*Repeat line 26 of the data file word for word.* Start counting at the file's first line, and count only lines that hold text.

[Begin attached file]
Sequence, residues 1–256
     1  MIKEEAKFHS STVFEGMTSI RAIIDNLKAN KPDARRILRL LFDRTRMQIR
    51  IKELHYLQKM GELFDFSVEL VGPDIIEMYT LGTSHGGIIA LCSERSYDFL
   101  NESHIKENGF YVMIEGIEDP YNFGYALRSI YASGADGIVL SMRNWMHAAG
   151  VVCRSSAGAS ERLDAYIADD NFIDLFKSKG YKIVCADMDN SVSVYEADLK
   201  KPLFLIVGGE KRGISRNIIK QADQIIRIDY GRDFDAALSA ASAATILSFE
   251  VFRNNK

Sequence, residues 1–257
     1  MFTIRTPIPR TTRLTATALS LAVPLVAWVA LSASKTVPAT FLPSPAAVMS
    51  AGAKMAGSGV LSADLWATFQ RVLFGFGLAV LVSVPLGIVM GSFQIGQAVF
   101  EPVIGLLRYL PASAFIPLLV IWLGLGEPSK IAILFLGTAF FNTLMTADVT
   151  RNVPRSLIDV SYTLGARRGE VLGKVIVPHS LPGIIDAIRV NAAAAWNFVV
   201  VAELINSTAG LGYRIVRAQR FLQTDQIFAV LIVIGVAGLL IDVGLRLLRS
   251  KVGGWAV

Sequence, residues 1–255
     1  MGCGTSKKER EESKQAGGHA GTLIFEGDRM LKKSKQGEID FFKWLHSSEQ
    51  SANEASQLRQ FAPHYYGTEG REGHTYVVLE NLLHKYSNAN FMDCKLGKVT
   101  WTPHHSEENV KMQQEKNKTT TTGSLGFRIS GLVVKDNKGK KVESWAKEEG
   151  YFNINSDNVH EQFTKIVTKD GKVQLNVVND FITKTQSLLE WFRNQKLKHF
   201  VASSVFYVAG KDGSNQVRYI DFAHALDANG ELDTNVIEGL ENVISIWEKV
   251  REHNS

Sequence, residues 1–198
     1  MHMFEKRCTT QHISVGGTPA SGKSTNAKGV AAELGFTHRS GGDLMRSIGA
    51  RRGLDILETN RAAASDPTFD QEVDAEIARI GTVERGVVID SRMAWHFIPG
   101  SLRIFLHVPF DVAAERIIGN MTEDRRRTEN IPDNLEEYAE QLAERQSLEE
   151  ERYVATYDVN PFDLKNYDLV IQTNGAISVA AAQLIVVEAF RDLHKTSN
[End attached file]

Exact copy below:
   151  ERYVATYDVN PFDLKNYDLV IQTNGAISVA AAQLIVVEAF RDLHKTSN